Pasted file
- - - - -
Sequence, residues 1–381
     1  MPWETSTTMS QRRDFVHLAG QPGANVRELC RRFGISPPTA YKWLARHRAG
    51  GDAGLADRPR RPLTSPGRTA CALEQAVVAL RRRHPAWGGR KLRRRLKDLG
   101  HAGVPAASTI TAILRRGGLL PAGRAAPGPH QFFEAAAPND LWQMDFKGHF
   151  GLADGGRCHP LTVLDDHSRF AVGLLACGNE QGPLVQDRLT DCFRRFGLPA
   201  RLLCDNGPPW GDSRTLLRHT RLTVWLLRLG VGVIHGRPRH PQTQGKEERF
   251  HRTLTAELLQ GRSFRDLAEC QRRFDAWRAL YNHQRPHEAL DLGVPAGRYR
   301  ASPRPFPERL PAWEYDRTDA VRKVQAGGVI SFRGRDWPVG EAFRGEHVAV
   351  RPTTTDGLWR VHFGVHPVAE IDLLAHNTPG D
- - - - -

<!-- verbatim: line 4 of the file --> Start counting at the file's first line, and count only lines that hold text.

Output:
   101  HAGVPAASTI TAILRRGGLL PAGRAAPGPH QFFEAAAPND LWQMDFKGHF